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James is currently a Senior Business Intelligence Architect/Developer and has over 20 years of IT experience. James started his career as a software developer, then became a DBA 12 years ago, and for the last five years he has been working extensively with Business Intelligence using the SQL Server BI stack (SSAS, SSRS, and SSIS). James has been at times a permanent employee, consultant, contractor, and owner of his own business. All these experiences along with continuous learning has helped James to develop many successful data warehouse and BI projects. James has earned the MCITP Business Developer 2008, MCITP Database Administrator 2008, and MCITP Database Developer 2008, and has a Bachelor of Science degree in Computer Engineering. His blog is at .

Role-playing Dimensions

Dimensions are often recycled for multiple purposes within the same database.  For instance, a “Date” dimension can be used for “Date of Sale”, as well as “Date of Delivery”, or “Date of Hire”.  This is often referred to as a “role-playing dimension”.

Basically, if the same dimension is used more than once with different names in the cube then it is called the role- playing dimension.  For example, suppose we are designing a cube which captures purchasing data, we can have multiple dates in this scenario like Order Date, Ship Date, Order Received Date, etc.  In these kinds of situations we need to have different date keys stored in the fact tables (like OrderDateKey, ShipDateKey etc…) to get the different date information while browsing the cube.  To handle this situation we do not need to create the “n” number of database dimensions for dates in the cube.  What we can do instead is to just create one date database dimension when designing the cube and others can use the same dimension but with different name.  For example, we created a database dimension called ”DimOrderDate” and other date dimensions can be created by using the same database dimension with different names like “DimShipDate”, “DimOrderReceivedDate”, etc.  And these remaining date dimensions should be the cube dimensions (In SSAS, under the Cube Structure Tab–>In the Dimension Section–>Right Click on the Cube–>Add Cube Dimension–>Select existing “DimOrderDate”–>Give another name for example “DimShipDate”).  The key thing here is to keep in mind we should have only one date database dimension and other date dimensions should be created as cube dimensions.  This means in the cube we will have many different date dimensions but behind the scenes we are only using one database dimension.  Creating one database dimension and others as cube dimensions will also save some memory usage as the cube database date dimension will be processed only once and other dimensions will use the same date dimension.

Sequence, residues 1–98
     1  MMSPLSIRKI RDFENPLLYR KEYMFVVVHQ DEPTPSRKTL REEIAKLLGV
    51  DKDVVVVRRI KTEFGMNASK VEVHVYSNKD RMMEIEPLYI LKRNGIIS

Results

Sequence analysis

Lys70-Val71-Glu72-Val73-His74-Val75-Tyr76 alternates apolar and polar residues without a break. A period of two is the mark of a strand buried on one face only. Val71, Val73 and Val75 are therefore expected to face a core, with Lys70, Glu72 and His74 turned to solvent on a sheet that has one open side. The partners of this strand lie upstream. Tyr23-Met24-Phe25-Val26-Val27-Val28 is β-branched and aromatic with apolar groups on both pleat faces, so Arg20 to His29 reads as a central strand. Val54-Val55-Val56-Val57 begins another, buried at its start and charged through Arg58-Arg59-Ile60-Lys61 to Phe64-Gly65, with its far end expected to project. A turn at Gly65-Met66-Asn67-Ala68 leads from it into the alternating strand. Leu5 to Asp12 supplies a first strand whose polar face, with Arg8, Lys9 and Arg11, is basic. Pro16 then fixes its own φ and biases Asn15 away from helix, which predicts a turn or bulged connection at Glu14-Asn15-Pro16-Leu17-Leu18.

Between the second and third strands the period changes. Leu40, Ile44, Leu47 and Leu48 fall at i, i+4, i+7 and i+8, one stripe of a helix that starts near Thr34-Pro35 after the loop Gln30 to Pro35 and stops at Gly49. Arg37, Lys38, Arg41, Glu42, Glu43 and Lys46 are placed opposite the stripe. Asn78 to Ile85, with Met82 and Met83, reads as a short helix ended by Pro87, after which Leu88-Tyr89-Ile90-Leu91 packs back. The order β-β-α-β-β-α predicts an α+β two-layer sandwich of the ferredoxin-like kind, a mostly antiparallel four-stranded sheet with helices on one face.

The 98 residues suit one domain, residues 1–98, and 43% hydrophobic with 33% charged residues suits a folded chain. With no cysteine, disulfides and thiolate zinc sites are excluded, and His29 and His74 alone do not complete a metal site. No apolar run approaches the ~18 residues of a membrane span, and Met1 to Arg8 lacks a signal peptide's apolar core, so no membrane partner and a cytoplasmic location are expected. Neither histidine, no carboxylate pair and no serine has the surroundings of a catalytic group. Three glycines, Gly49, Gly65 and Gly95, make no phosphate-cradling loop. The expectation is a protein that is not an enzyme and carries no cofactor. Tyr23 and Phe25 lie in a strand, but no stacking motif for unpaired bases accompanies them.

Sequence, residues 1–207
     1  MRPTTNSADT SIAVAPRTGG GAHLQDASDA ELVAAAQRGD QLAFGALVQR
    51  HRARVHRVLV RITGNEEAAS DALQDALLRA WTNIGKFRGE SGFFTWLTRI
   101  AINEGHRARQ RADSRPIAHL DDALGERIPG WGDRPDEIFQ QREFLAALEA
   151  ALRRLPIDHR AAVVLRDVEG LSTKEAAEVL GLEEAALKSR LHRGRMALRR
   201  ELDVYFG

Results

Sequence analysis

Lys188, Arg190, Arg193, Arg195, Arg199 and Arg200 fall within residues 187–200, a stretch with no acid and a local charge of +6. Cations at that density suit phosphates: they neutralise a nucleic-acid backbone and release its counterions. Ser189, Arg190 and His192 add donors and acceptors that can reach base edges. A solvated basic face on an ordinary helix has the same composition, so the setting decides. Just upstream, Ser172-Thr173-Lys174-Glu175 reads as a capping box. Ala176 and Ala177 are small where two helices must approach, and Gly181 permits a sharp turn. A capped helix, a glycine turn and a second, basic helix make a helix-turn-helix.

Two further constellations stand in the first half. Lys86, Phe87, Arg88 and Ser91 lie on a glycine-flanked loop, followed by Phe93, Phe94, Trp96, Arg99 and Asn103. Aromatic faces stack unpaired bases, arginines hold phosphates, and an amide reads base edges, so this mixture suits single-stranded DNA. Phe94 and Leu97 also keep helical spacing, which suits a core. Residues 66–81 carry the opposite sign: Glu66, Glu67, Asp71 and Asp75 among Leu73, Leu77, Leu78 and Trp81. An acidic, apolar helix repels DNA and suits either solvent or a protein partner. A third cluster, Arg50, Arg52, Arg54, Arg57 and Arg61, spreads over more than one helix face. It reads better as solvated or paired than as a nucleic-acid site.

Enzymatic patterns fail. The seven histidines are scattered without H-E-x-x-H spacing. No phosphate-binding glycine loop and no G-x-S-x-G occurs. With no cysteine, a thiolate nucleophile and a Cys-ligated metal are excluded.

In this illustrated example, the DimDate table serves as three different roles, the order date, due date and the ship date:

More info:

Add Cube Dimension Dialog Box (Analysis Services – Multidimensional Data)

Setting role security in SSAS for a role-playing dimension

SSAS: Consider Cube Browsing when Building Role Playing Dimensions

Comments

Posted by Anonymous on 3 December 2011

Pingback from  Role-playing Dimensions | SQL Server | Syngu

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